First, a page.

• Eurico the Presbyter: Most of the cast except for the main protagonist are historical figures associated with the Umayyad conquest of the Iberian Penisula such as Tariq, King Roderic and Pelagius of Asturias. There are also semi-fictional characters like Pelagius' sister whose historicity is questionable, but she is a major character in the book as the main protagonist's love interest.
  • WWW Trilogy: Stephen Hawking is a character in the novel. He's a visiting scholar at the same institute Caitlin's dad works in, and they watch a recorded speech he gives. The US President isn't named, but pretty clearly he's Barack Obama (which he really was at the time of the novels). A few more actual scientists also get mentioned as being characters, and meet with the protagonists (offscreen).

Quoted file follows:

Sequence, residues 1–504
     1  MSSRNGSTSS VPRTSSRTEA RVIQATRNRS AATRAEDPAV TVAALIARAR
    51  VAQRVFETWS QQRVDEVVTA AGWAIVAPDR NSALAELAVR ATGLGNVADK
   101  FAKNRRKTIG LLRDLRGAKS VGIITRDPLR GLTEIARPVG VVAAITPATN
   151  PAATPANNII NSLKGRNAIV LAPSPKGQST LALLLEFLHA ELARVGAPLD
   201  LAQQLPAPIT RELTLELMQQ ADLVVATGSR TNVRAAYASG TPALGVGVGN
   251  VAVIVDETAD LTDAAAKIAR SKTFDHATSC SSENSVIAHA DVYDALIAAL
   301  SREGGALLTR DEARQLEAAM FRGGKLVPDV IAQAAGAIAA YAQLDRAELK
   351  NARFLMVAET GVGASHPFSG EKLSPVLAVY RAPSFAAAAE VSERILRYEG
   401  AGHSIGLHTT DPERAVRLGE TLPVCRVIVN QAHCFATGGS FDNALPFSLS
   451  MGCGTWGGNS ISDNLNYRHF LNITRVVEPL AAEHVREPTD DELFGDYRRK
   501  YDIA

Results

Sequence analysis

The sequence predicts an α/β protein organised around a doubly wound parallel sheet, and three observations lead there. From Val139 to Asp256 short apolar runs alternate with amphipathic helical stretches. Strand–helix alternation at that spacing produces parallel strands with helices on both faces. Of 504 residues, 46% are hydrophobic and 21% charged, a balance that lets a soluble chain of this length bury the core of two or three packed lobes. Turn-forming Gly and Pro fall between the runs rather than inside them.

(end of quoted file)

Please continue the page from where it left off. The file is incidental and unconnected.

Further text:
• In Sherlock Holmes and Doctor Was Not, real world doctors who get paired with Holmes include Doc Holliday, Doctor John Dee, Doctor Theodore Moriarty (a Victorian spiritualist and occultist), and Arthur Conan Doyle.
  • In "Angel Down, Sussex", Arthur Conan Doyle and Aleister Crowley separately turn up to investigate the same paranormal event the protagonists are investigating. Conan Doyle is convinced it's fairies at work, Crowley interprets it in the light of his spiritual beliefs, and both are more of a hindrance than a help.